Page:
SAC305 solder bump and SAC305 solder paste. Fig. 5 shows the X-ray picture of the joints, with 100% full wetting observed for all solder joints. The shear strength of this BGA is 143lbs, compared with only 113lbs using a conventional flux. Upon shearing, failure of the epoxy fluxed samples occurred on the board side, with copper pads peeled off for some of the joints, as shown in Fig. 6. Apparently, the shearFigure 4. Schematic of linear fluxer. The plate strength of the epoxy flux sample should be greaterslides open to expose cavity . than 143lbs if pad lifting is avoided. Cross-Section The Cross-sectional view of assembled 0.5 mm pitch BGA (7 x 7 mm) assembled with SAC305 ball, SAC305 solder paste, and epoxy flux is shown in Fig. 7. The close-up views of this device are shown in Fig. 8 to Fig. 10. The fillet shown in Fig. 8 indicates the space under the package is well filled. Solder joints formed with the BGA exhibiting full wetting, as shown in Fig. 9. Fig. 10 shows a vacancy in epoxy flux between two solder joints. This vacancy is characteristic of epoxy flux, and is designed as a venting channel . Without this venting channel, outgassing from the PCB substrate and packages caused by Pb-free reflow temperature often causes bubbling within the fully sealed liquid epoxy layerFigure 5. X-ray picture of 0.8 mm BGA (10.5 x under the package, and consequently resulting in13 mm) with SAC305 solder bump, SAC305 drifting or tilting of packages. This venting channel issolder paste, and epoxy flux. typically designed to be less than 5% of the interface area, and is distributed randomly. Figure 7. Cross-section of 0.5 mm pitch BGA (7x7 mm) assembled with epoxy flux.Figure 6. Board surface after BGA in Fig. 5being sheared off.blade rotary device, with process illustrated by Fig. 3or a linear fluxer, as shown in Fig. 4. Typically, thefilm thickness is set at 80-100% of the solder bumpheight.PERFORMANCE OF EPOXY FLUXSolder WettingSolder wetting performance of epoxy flux isdemonstrated on 0.8 mm BGA (10.5 x 13 mm) with Figure 8. Fillet of epoxy fluxed sample shown in Fig.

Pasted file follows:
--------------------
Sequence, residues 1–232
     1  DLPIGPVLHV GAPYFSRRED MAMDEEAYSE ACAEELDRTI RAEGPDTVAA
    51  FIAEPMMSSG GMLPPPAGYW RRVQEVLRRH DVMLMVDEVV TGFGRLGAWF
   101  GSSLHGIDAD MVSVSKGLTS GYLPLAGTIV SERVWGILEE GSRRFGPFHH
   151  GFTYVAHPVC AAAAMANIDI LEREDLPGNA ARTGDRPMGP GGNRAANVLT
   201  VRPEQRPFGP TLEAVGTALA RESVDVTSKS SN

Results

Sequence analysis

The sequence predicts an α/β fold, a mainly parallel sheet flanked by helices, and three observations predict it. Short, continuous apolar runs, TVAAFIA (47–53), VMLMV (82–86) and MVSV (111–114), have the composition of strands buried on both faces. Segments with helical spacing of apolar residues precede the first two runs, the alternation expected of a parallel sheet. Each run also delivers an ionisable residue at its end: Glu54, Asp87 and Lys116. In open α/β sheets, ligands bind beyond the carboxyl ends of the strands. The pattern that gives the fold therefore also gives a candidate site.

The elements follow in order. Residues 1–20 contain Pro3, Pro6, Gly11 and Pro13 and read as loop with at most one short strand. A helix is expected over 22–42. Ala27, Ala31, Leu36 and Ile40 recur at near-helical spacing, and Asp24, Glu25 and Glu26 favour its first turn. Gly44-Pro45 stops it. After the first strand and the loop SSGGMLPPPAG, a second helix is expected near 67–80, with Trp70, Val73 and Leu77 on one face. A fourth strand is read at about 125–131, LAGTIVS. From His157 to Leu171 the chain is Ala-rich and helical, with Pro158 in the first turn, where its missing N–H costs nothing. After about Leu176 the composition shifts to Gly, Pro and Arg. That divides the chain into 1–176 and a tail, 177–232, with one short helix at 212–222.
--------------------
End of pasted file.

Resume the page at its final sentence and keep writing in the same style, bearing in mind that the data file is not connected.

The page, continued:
Reliability Reliability of the epoxy flux system can be demonstrated with the data shown in Table 2 for 0.3 mm pitch CSP, size: 2.67 mm x 2.67 mm, I/O: 81, using SAC305 ball and SAC305 paste. Epoxy flux shows more than 60% higher shear strength than conventional flux, and are several times higher in drop numbers to failure. The thermal cycling test results show all epoxy fluxes last more than 1000 cycles for the cycling condition -55 to 125°C. Compatibility with Solder Paste Figure 9. Cross-section of solder joint for BGA At assembly of the PoP, since the bottom package shown in Fig. 7. has solder bumps, printing solder paste on PCB pads is not critical for the successful assembly of the bottom package. However, at times, open between bottom package and PCB may be the result of excessive thermal warpage. Under this condition, printing solder paste becomes essential for minimizing opens. As all solder pastes contain significant amounts of solvents, burn off of the volatiles of solder paste embedded in the liquid epoxy flux under the bottom package becomes a very challenging task. Furthermore, the powder of solder paste soaked in liquid epoxy is also prone to ooze out and form bridging and numerous solder balls. Figure 10. Venting channel between solder joints. Fig. 11 shows a simulated test for solder paste under the BGA and embedded in liquid epoxy flux. Here the SAC305 solder paste was printed onto PCB pads,Table 2. Reliability of epoxy fluxes versus conventional flux and then covered by liquid epoxy flux A. A glassfor 0.3 mm pitch CSP, size: 2.67 mm x 2.67 mm, I/O: 81 slide was placed on top of the solder paste/epoxy flux Conventional Epoxy Epoxy to mimic the body of a BGA. This sandwiched PCBTests Solder Paste Flux A Flux B was then placed on a hot plate with a surface temperature of 250°C. Fig. 11(a), (b), and (c)Chip shear 19.2 ± 0.1 24.0 ± 36.5 ±test, lbs. 4.3 1.3 represent the view at 0 second, 50 seconds, and 120 seconds on hot plate. The solder paste immensely (+80% diffused away from the printed dots at 50 seconds, typical) and never coalesced back to form proper solderDrop test 80, 80, 90, 150, 220, 220, bumps after 120 seconds.(drop # to 90 180, 230, 240,fail) 210 250, 290, Fig. 12 shows the same experiment using the same 300, 320 SAC305 solder paste but embedded in epoxy flux B.Thermal 168, 168, 719, 870, Here the solder paste remained as one integral bodycycling test 168 897, 1089, the entire time for each printed dot.(-55 ~ 897, 1498,125 °C) 1098 1843 Results above show that a properly formulated epoxy flux can allow for a satisfactory coalescence of solder paste without suffering solder balling or bridging.